Researchers at the Institute of Acoustics (IOA) of the Chinese Academy of Sciences have designed and fabricated an underwater acoustic carpet cloak using transformation acoustics, a scientific first. The research was published online in Scientific Reports on April 6.

New method heats up ultrasonic approach to treating tumors

Tue, 28 Mar 17 00:15:10 -0700

High-intensity focused ultrasound (HIFU) is a breakthrough therapeutic technique used to treat tumors. The principle of this noninvasive, targeted treatment is much like that of focusing sunlight through a lens, using an ultrasonic transducer like a convex lens to concentrate ultrasound into a small focal region. Researchers have now designed a transducer for potential application in HIFU that can generate a steady, standing-wave field with a subwavelength-scale focal region and extremely high ultrasound intensity.

Sound-shaping super-material invented

Mon, 27 Feb 17 00:13:10 -0800

A super-material that bends, shapes and focuses sound waves that pass through it has been invented by scientists.

Tracking the movement of cyborg cockroaches

Mon, 27 Feb 17 00:03:00 -0800

New research offers insights into how far and how fast cyborg cockroaches -- or biobots -- move when exploring new spaces. The work moves researchers closer to their goal of using biobots to explore collapsed buildings and other spaces in order to identify survivors.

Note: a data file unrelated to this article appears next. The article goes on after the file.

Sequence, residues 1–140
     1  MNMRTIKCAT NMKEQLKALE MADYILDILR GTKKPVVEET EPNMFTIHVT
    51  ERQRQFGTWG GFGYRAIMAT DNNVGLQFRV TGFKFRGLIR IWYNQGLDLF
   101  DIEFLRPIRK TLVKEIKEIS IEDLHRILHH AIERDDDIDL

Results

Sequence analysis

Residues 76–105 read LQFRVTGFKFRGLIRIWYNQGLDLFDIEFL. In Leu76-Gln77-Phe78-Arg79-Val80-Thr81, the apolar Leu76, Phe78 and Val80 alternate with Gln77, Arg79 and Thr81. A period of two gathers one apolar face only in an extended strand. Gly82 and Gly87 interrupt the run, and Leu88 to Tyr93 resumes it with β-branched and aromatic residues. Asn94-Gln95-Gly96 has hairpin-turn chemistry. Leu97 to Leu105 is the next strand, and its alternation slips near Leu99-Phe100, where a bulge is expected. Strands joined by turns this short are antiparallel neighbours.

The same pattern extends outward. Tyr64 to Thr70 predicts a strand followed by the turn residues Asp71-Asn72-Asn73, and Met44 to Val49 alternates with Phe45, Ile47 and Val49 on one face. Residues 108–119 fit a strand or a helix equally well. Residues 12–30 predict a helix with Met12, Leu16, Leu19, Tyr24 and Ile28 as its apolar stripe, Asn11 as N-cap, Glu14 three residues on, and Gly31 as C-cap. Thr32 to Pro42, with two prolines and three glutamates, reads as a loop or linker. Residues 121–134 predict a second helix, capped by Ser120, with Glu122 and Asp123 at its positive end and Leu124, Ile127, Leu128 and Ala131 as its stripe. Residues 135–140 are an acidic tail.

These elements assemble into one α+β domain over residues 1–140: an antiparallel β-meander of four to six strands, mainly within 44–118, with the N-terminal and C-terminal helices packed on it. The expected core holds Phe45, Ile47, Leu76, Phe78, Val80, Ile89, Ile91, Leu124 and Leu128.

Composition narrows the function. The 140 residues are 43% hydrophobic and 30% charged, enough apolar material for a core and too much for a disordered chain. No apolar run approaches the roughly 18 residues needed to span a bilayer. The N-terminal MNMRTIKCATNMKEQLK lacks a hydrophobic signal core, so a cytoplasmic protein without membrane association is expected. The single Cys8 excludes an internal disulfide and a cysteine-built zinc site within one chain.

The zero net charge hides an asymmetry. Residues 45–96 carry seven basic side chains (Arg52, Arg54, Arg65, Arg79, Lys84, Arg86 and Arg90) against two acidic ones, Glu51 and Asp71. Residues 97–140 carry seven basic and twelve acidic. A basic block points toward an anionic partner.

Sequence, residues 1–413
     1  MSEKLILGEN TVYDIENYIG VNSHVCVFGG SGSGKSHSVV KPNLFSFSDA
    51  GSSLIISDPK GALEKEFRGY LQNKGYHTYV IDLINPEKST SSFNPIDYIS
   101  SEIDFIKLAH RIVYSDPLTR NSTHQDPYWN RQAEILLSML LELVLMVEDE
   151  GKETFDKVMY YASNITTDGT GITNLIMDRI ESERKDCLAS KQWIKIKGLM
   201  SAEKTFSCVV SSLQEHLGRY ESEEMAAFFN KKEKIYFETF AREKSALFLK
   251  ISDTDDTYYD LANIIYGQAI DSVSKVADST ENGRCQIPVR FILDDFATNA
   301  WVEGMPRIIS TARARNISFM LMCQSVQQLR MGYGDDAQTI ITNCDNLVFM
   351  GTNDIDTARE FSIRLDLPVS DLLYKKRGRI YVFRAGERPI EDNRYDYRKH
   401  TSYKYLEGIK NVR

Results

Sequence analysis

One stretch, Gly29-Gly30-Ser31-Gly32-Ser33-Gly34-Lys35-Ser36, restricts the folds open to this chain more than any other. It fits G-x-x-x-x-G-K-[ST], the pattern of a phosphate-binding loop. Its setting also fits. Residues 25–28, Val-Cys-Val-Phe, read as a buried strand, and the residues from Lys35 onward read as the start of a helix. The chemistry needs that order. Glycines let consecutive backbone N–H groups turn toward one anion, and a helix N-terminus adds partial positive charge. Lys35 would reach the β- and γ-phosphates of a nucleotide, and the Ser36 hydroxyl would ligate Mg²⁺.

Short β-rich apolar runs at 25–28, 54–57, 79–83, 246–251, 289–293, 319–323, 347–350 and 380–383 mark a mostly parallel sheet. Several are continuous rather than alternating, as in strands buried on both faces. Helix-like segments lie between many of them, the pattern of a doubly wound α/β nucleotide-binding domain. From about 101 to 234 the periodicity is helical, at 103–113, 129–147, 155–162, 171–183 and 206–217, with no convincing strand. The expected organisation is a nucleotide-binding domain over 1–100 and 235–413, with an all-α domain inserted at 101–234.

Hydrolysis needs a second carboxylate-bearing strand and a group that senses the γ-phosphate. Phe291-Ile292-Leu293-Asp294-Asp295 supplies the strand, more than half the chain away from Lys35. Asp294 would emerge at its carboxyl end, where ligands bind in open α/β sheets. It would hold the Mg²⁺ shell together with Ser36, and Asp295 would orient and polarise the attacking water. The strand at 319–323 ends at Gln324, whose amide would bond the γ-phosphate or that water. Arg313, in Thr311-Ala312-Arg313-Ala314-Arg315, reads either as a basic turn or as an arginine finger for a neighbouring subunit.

NASA's Webb Telescope team prepares for earsplitting acoustic test

Fri, 24 Feb 17 00:04:20 -0800

Inside NASA's Goddard Space Flight Center in Greenbelt, Md., the James Webb Space Telescope team completed the environmental portion of vibration testing and prepared for the acoustic test on the telescope.

New mechanical metamaterials can block symmetry of motion, findings suggest

Mon, 13 Feb 17 00:00:30 -0800

Engineers and scientists at The University of Texas at Austin and the AMOLF institute in the Netherlands have invented the first mechanical metamaterials that easily transfer motion effortlessly in one direction while blocking it in the other.

Are drones disturbing marine mammals?

Mon, 13 Feb 17 00:01:00 -0800

Marine researchers have made sure that their research drones aren't disturbing their research subjects, shows a report in Frontiers in Marine Science. And they're hoping that others will follow their example to help protect wildlife in the future.

NASA restarts rigorous vibration testing on the James Webb Space Telescope

Wed, 25 Jan 17 00:08:40 -0800

Testing on the James Webb Space Telescope successfully resumed last week at NASA's Goddard Space Flight Center, in Greenbelt, Md.

New 'printone' tool allows users to create 3-D printed wind instruments in any shape or form

Mon, 05 Dec 16 00:09:20 -0800

A research team from Autodesk and Dartmouth College has developed a new interactive design tool called 'Printone,' which provides users with the ability to create functional 3-D printed wind instruments in any shape or form using interactive sound simulation feedback. The team designed 16 free-form wind instruments to play different melodies, including: a snowman that can play